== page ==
Queer Black and Brown Men are more than backup dancers and makeup artists.
By Dr. Jonathan P. Higgins
White women generally are not genuinely interested in my experiences as a queer Black man, they see me as something that now connects them to a resource they may not have. I often wonder if white women enjoy having queer Black/Brown male bodies in their presence not just because of the power it presents them, but because of the privilege that lies in being able to uphold white supremacy.
Cisgender heterosexual white women see queer Black and Brown men as commodities instead of people with valid experiences and humanity. In various moments where I’ve engaged with white women about my queer identity, the conversation often veers towards them wanting me to help them with something and very little about what they can do to protect me and the LGBTQIA+ BIPOC community.
It’s a tale as old as time: heterosexual, cisgender women want us as their best friends and confidants as soon as they learn that we are queer. Add to the equation said queer male being a fantastic dancer, hair stylist or makeup artist and you are no longer just a friend, but an accessory to their lives. Take for instance the multitudes of celebrities who continue to use LGBTQ+ BIPOC as props. Cher did it. Madonna, Britney, Christina and Lady Gaga still do it and now Katy Perry and Taylor Swift are on the same wave.
But while there are several conversations about why women are comfortable around queer men, the question that seems to rarely ever be addressed is why white women often feel the need to surround themselves by queer Black/Brown men.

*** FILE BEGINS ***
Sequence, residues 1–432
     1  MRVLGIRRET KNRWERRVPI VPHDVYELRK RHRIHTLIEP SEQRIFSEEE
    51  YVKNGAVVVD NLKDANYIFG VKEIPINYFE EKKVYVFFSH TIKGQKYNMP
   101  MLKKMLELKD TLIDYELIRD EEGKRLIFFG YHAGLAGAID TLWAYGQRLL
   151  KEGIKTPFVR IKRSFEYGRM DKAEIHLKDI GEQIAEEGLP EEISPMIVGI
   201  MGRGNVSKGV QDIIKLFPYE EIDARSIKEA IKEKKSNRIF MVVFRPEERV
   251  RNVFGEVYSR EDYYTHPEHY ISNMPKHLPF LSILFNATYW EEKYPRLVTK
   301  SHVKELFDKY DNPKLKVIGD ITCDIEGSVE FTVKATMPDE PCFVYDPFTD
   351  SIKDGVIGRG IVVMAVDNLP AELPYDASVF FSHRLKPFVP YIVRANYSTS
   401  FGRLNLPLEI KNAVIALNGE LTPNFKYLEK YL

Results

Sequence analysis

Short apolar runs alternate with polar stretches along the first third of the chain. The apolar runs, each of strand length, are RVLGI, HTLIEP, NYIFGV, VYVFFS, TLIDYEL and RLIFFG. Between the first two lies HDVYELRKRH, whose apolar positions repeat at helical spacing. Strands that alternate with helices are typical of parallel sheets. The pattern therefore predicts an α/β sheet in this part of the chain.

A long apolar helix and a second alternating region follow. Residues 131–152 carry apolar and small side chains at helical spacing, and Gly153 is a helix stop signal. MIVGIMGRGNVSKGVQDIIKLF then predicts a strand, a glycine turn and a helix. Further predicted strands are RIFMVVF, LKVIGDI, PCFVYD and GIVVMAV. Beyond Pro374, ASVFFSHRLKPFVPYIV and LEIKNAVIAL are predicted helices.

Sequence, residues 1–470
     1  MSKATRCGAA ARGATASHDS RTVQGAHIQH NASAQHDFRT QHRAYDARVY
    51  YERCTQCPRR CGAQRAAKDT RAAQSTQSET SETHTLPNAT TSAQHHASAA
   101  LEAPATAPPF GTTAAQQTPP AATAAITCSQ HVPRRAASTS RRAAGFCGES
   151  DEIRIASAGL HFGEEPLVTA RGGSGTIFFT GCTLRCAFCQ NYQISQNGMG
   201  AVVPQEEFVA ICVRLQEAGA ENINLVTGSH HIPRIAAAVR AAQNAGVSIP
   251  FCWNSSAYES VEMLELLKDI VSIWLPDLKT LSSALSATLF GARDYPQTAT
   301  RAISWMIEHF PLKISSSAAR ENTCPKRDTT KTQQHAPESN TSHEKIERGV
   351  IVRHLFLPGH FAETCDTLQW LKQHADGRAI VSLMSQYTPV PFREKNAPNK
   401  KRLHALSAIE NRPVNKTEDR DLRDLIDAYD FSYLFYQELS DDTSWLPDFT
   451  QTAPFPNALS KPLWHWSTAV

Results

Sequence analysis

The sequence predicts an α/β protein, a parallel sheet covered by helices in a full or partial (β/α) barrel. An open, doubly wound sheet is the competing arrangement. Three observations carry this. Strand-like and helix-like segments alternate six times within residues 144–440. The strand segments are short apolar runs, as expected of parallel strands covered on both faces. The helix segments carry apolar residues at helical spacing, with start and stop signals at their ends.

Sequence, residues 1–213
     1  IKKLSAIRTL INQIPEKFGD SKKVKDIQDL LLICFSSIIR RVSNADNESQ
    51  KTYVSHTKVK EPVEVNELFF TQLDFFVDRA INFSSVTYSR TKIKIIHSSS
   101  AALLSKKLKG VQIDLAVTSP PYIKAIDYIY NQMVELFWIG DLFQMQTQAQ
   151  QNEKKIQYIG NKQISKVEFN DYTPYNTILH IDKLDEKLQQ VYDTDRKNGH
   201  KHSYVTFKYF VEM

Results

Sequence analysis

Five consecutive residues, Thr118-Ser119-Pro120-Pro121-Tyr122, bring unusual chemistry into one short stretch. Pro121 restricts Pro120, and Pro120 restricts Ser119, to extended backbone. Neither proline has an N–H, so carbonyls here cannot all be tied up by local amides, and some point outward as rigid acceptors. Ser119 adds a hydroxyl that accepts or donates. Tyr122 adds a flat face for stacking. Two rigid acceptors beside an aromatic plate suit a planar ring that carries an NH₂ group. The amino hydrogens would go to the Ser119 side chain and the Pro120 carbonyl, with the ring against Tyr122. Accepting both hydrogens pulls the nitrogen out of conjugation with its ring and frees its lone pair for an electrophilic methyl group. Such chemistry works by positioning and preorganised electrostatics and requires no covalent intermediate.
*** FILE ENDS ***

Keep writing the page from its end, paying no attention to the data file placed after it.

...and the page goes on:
In watching the documentary, Strike a Pose about the queer Black/Brown dancers on Madonna’s Truth or Dare tour in 1990, I saw a common thread. Many of the dancers who were on that tour saw Madonna as both leader and a provider. They saw her as their savior because many of them came from rough backgrounds and the tour provided them an opportunity to live a life that they may not have had access to otherwise. Many of them shared how they loved how strong Madonna is, a common rhetoric that many white women use in the context of feminism to sell or market their material. But keep in mind that white women often use their femininity and feminism as a way to absolve themselves from doing real harm to the BIPOC community.
A great example of how queer BIPOC are used as accessories came when the Truth or Dare tour footage was released. Two of her male dancers were filmed kissing prior to them coming out and asked relentlessly to not have the footage included in the documentary. The footage was still included in the film and after several meetings and lawsuits, Madonna was no longer interested in being a part of the lives of the men who were outed by her documentary.
A more recent example of queer BIPOC being used as accessories came when Taylor Swift released her new video last week for the song, “Look What You Made Me Do”. During one of scenes in the video you see that see that on her left side she keeps a mix of non-black Latino and white dancers while on her right, she has five queer Black men standing in v-shaped line. In one shot of the video you see both her and the various queer Black/Brown men emulating a Beyonce Formation-ish stance, giving off the idea that Taylor is not only in one in charge, but possesses the power and support of queer Black/Brown friends to solidify her role as a leader.